The closer your guess to the actual number spun, the more money you’ll win. But because the odds of you winning are solely based on luck, you’re following a dangerous strategy. You could quickly go from having $$$ to $0 in the blink of an eye.
According to Warren Buffet, “Risk comes from not knowing what you’re doing.” With investing, you can research different investments to determine how risky they are and if they are worth investing in. This isn’t possible with gambling.
Some investments are riskier than others. For example, crypto assets, hedge funds, and penny stocks are considered high-risk investments. To lower your risk, implement two investment strategies:
- Asset allocation: Invest in different asset classes like stocks, bonds, and ETFs. When some assets perform well, others perform poorly. A good mix of assets helps you balance risk vs. reward.
- Diversify: Also, diversify your investments to lower your risk. Invest in different industries, companies, etc. For example, you wouldn’t want your entire portfolio to be made up of tech stocks. Diversifying your portfolio lowers your risk of losing a lot of money.
Use the risk vs. reward equation to make investment decisions. Investments will be “High risk, high reward,” “Medium risk, medium risk,” or “Low risk, low reward.”
Hint: Sign up for the Complete Investing Course (Stocks, ETFs, Index/Mutual Funds) on Udemy to learn how to invest as a beginner.
3) Investing involves careful decision-making.
With gambling, you don’t know the odds or how much risk you’re actually taking. Success or failure mostly depends on chance. Long-term investing means that you’re considering multiple factors before investing.
Here are a few ways to make careful investing decisions:
- Invest in what you know such as companies or industries.
- Understand each investment before investing. For example, with stocks, read about the companies that issued the stocks. Learn about their revenue, net income, calculate their Price-earnings ratio, etc.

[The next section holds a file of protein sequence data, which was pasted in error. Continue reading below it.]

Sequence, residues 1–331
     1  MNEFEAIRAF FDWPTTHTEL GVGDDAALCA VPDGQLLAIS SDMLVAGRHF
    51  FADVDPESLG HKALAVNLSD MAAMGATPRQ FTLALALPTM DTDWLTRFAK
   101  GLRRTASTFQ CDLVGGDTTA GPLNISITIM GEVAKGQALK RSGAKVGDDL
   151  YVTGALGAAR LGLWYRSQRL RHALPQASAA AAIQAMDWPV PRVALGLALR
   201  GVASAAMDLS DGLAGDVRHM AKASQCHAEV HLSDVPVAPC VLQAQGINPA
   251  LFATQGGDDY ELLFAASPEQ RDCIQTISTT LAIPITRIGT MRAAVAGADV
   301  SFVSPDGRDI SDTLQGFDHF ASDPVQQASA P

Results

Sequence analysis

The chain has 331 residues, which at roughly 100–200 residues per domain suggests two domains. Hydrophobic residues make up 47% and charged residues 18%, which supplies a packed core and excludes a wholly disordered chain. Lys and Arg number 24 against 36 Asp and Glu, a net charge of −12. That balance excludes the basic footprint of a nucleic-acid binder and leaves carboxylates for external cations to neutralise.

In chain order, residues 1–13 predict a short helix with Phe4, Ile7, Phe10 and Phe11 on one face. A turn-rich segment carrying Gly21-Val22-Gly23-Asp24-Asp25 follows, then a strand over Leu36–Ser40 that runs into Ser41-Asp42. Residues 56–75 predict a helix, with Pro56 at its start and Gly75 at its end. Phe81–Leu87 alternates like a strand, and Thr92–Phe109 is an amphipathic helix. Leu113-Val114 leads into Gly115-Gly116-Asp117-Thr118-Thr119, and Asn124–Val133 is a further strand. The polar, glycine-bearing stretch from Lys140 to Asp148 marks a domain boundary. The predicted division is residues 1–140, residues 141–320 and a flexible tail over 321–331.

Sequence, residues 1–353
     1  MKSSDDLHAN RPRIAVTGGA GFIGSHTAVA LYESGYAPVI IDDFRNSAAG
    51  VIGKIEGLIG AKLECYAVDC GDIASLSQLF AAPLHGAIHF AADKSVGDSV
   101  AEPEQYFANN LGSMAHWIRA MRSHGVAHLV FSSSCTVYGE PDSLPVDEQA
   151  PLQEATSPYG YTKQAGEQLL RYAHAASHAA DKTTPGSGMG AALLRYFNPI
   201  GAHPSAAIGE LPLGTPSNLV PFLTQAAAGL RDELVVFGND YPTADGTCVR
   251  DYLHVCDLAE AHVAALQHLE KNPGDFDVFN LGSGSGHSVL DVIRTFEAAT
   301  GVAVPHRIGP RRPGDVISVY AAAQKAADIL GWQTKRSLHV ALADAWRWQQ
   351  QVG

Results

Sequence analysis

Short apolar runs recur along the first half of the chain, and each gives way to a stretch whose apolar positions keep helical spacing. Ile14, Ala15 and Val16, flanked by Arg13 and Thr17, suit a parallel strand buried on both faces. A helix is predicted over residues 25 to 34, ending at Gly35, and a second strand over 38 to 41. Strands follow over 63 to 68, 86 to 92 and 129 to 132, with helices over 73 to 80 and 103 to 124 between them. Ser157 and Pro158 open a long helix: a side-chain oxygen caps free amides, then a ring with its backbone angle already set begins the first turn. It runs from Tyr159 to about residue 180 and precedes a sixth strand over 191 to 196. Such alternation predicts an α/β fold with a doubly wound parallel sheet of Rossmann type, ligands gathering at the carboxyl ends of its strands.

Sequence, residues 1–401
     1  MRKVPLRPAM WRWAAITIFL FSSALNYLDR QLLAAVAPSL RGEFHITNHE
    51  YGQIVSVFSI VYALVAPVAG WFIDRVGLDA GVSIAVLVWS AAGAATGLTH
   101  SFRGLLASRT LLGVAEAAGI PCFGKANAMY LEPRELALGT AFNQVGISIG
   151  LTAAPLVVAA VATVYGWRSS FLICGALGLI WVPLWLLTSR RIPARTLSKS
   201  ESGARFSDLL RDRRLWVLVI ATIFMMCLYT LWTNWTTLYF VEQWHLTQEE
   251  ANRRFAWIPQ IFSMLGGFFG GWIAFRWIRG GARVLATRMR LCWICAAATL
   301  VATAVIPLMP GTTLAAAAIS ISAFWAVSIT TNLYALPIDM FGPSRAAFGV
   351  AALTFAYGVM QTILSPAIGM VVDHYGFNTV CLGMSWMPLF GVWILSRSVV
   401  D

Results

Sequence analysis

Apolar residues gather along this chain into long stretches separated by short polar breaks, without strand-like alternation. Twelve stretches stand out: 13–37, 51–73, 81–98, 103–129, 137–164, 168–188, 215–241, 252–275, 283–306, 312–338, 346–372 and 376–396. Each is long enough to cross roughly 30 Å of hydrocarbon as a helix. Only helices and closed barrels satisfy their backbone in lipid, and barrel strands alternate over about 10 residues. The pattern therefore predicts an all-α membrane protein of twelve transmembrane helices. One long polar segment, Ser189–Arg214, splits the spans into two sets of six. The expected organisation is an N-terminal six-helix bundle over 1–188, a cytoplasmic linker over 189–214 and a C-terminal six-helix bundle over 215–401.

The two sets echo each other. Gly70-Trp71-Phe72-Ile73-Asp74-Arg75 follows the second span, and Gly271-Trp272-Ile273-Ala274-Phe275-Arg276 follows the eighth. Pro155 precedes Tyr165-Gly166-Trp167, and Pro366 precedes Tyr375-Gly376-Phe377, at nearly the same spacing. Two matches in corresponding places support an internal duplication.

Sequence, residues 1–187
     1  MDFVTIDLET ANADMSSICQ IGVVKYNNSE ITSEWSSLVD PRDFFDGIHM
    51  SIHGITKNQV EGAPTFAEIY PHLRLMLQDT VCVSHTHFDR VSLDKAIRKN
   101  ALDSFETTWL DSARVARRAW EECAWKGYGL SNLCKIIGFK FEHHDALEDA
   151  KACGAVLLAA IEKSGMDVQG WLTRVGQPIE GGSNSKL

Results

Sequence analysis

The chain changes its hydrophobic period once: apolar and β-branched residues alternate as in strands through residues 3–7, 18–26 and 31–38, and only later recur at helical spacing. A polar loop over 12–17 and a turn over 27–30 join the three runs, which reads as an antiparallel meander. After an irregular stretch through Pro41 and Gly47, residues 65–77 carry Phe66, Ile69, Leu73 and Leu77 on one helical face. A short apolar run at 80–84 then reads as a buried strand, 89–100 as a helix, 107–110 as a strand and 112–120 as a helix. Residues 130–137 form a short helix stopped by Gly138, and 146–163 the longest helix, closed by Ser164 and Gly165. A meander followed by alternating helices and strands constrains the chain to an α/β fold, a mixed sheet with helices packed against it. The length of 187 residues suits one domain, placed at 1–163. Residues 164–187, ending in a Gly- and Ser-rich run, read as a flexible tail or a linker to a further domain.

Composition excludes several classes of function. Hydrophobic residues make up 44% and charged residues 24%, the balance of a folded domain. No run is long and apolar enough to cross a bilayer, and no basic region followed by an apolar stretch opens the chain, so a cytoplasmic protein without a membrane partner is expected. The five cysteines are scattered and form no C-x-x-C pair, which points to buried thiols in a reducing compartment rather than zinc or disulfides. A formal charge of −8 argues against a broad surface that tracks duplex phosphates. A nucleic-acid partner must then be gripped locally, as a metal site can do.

- Choose investments that match your risk tolerance.
- Analyze a company’s fundamentals to lower your risk even more.
You can’t predict the future, but your research and calculations can help you make smart investment decisions to increase your money over time.
Try long-term investing to build wealth
It’s not sexy, exciting, or a get-rich quick scheme. But long-term investing can make you a millionaire over time.
Although past performance doesn’t guarantee future performance, investing for ten years would increase your chances of making a profit to 94.15%, according to global stock market data between January 1971 and December 202.
Instead of trying day trading or types of investing similar to gambling, invest for the long-term. The process is simple.
- Make money through your job and side hustles.
- Save at least 20% of your income.
- Invest your money in different assets and diversify.
- Buy and hold your investments for five years or more.
Contribute a set amount to your portfolio each month. Let compound interest and time do the rest. Use an investment calculator to see how long it will take for you to reach millionaire status – no poker or roulette tables required.